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Thursday, 2 October 2014

Star Wars comes home: The history of the 1977 film on VHS and Beta

Star Wars at home: the original US
VHS version from 1982


The history of Star Wars on home entertainment formats is long and complicated, but for a long time it could be boiled down to one simple rule:

Every time you bought the film in what you confidently believed to be the ultimate, definitive edition, Lucasfilm would release another one.


That was the rule of thumb for a long time, but later it became clear that a rider had been added, which was this:


While George Lucas was happy to release all kinds of enhanced deluxe versions of the film, he was never again going to release the movie as seen by the original audiences in 1977-78.





Star Wars before VCRs


Star Wars is a film from the pre-home video era. VCRs existed then, but very few people had them. And a few years later, once video had become ubiquitous, it would be almost impossible for a film ever to have the same impact .

Only in that pre-VCR age could Star Wars, released in May, still be running in some US cinemas fourteen months later, after which it was immediately re-issued.  It's impossible for that to happen now. Twenty-eight years later, for example, Star Wars Episode III: Revenge of the Sith would be released in May and come out on DVD on October 31.


In 1977, the only way of showing Star Wars at home – or at least, decent chunks of it – was to buy the Super 8 movie versions.  I've written about those releases here. The idea of owning a complete film on videotape was a good few years off, but by 1979, Star Wars was helping fuel the demand for the technology.  The TV documentary The Making of Star Wars was released on tape that year, and I remember it being promoted quite heavily in the UK as a reason for buying one of the expensive new machines.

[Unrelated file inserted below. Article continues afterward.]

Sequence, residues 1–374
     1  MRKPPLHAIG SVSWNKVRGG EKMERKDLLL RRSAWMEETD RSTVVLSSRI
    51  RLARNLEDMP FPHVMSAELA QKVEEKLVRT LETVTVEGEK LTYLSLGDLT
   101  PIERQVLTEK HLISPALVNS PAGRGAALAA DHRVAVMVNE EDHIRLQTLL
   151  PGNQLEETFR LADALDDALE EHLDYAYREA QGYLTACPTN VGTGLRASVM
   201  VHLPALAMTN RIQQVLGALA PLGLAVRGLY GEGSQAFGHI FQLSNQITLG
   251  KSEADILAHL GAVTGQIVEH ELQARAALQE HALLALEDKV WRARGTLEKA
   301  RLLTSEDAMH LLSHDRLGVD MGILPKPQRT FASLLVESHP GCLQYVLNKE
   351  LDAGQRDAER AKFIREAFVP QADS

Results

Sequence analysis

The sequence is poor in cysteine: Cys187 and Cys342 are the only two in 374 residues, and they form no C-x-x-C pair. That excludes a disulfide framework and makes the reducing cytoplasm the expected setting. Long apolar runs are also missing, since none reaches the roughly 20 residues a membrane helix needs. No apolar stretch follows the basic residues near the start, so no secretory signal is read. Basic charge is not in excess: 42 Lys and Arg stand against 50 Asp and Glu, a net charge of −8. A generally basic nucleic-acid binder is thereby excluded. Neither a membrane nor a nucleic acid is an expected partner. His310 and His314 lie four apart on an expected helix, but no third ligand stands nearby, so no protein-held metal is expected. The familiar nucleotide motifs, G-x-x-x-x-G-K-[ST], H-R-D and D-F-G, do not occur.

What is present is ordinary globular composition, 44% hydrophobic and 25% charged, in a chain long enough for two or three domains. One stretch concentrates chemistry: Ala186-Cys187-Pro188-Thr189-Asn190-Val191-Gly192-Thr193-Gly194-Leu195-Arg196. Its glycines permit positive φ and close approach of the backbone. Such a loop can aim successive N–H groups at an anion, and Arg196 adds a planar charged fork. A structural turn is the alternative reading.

1982: Star Wars on VHS, Beta and laserdisc


The film was finally released on VHS and Betamax in 1982, with a laserdisc release following shortly afterwards. This blog, robotGEEK's Cult Cinema, gives a nice description of the tape, with pictures.

These were the days when rental made up the vast majority of the videotape market, and it would be several more years before Star Wars was available to own at a price which most fans might be able to afford. Many people did acquire the film in 1982, but by taping it off-air when it was first shown on TV.


The film was re-issued on video in 1985, and this release was significant, because it featured a new stereo sound mix by Ben Burtt.  This mix became the basis for every subsequent release until 1993.





The front of the 1980s Star Wars VHS in the UK


The back of the 1980s Star Wars VHS in the UK
While the sound was being improved, viewers were still getting little more than half the picture that had been seen on cinema screens, because Star Wars was being cropped (or 'panned and scanned') to fit the dimensions of a 4:3 TV set. At this time, the idea of releasing films in 'letterbox' format – that is, with black bars at the top and bottom of the screen so that the viewer could see the full width of the cinema picture – was almost unheard of.  


The front of the 1992 widescreen
release of Star Wars in the UK
But in 1992, Star Wars pioneered the idea of the widescreen release when it was re-issued, simultaneously with its sequels.  It's not often given credit for it, but Star Wars was surely instrumental in proving that discerning viewers would rather watch a film in its original shape, rather than have almost half the picture excised to make it fit a traditional TV screen.

The UK saw another VHS release of the original trilogy in 1994, in widescreen and full-screen versions,this time with much nicer covers and a line on the box reading: “New digital PAL masters approved by Lucasfilm for improved picture and sound quality.”


The films were back on video only a year later, this time with a remixed THX soundtrack.  And this time, they were marketed with a unique twist – this would be the last time to own them in their original form. George Lucas had already begun tinkering with the movies for a Special Edition release.








The best Star Wars video release: the Executor boxed set